(Bloomberg) -- Copper recorded its biggest monthly advance since April 2021 as investors bet China may shift from Covid-Zero policies and boost demand in the top metal-consuming economy.
Copper prices rose almost 11% on the London Metal Exchange in November, snapping seven months of losses. The industrial metal pared some gains Wednesday after top producer Chile registered its first year-on-year output increase since July 2021 in October.
China is pushing for greater vaccination of the elderly, driving speculation about a further easing of Covid-Zero rules that have taken a toll on the economy. The measures have undercut metals demand throughout the year, adding to headwinds caused by Europe’s energy crisis and the Federal Reserve’s tighter monetary policy. Both have also shown signs of easing this month, brightening copper’s outlook.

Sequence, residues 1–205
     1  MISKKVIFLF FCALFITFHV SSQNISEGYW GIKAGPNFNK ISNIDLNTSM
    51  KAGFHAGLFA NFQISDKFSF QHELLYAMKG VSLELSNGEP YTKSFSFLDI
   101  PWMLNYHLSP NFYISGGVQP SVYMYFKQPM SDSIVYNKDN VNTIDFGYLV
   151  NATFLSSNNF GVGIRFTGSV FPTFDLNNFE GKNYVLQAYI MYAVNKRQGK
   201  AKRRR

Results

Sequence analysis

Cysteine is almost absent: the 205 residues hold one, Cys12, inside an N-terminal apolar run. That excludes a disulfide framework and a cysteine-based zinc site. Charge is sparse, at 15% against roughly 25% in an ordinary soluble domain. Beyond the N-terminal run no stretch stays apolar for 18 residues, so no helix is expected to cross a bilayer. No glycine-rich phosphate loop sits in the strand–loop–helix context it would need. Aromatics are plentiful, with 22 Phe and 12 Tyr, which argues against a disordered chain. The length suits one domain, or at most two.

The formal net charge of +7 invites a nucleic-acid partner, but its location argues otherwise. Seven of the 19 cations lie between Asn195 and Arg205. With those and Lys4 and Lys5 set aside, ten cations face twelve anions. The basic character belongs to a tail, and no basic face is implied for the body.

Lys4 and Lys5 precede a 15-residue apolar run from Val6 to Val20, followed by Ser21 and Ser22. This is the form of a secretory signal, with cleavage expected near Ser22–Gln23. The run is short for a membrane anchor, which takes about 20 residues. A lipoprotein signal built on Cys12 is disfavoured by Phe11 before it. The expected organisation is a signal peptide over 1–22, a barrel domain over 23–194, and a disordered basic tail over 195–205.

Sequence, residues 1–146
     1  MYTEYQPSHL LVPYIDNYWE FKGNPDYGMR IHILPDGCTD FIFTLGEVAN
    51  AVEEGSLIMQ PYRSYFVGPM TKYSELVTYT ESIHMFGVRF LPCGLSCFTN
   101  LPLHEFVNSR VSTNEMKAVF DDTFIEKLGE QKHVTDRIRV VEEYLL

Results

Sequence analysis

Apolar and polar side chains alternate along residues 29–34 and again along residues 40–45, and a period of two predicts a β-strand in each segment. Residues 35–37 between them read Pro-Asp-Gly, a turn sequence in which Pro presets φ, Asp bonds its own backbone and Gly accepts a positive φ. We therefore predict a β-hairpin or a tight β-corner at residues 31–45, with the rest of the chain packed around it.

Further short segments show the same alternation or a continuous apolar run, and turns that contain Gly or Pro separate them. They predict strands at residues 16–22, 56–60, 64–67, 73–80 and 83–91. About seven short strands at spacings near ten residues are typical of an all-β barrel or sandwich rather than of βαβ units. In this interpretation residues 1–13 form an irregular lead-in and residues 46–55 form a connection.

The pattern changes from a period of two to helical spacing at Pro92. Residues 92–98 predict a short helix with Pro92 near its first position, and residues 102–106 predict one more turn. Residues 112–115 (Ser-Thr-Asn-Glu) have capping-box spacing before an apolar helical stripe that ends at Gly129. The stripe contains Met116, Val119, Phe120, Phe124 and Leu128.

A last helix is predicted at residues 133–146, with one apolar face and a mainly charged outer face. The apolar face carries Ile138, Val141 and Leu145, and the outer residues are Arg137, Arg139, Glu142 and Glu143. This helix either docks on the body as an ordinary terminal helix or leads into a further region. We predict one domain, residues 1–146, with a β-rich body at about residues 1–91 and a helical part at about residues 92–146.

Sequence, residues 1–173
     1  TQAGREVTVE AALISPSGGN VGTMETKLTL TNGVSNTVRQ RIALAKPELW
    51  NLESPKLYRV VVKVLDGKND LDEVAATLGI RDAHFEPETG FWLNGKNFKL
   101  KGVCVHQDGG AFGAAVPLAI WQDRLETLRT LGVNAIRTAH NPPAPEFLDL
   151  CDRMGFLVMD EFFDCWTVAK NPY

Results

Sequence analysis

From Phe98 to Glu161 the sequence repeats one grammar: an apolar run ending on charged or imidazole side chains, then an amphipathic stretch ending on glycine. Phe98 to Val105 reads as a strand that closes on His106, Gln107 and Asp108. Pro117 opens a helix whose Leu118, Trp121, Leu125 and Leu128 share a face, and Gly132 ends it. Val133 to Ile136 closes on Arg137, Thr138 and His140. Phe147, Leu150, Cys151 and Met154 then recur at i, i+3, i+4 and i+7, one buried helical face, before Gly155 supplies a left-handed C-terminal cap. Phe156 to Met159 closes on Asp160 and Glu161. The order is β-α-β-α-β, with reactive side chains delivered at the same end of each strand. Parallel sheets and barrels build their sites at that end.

China’s Covid situation, coupled with the domestic stimulus and tight physical supplies, will increase volatility in copper prices, Chaos Ternary Research Institute said Wednesday in a note.
Softer China Stance on Covid Emerges in Media, Official Rhetoric
Copper on the LME rose 2.5% to settle at $8,239 a metric ton at 5:53 p.m. local time. All other main metals gained.
--With assistance from Martin Ritchie and Yvonne Yue Li.
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